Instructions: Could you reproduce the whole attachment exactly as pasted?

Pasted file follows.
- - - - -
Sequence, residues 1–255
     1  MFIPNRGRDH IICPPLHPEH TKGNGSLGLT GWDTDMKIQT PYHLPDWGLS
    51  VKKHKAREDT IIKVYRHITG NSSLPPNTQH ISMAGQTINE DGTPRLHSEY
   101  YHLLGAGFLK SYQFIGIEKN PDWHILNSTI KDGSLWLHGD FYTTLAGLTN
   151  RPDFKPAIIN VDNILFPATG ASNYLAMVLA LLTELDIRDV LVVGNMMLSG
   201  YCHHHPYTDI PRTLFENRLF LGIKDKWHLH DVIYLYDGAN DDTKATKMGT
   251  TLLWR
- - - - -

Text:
Sequence, residues 1–255
     1  MFIPNRGRDH IICPPLHPEH TKGNGSLGLT GWDTDMKIQT PYHLPDWGLS
    51  VKKHKAREDT IIKVYRHITG NSSLPPNTQH ISMAGQTINE DGTPRLHSEY
   101  YHLLGAGFLK SYQFIGIEKN PDWHILNSTI KDGSLWLHGD FYTTLAGLTN
   151  RPDFKPAIIN VDNILFPATG ASNYLAMVLA LLTELDIRDV LVVGNMMLSG
   201  YCHHHPYTDI PRTLFENRLF LGIKDKWHLH DVIYLYDGAN DDTKATKMGT
   251  TLLWR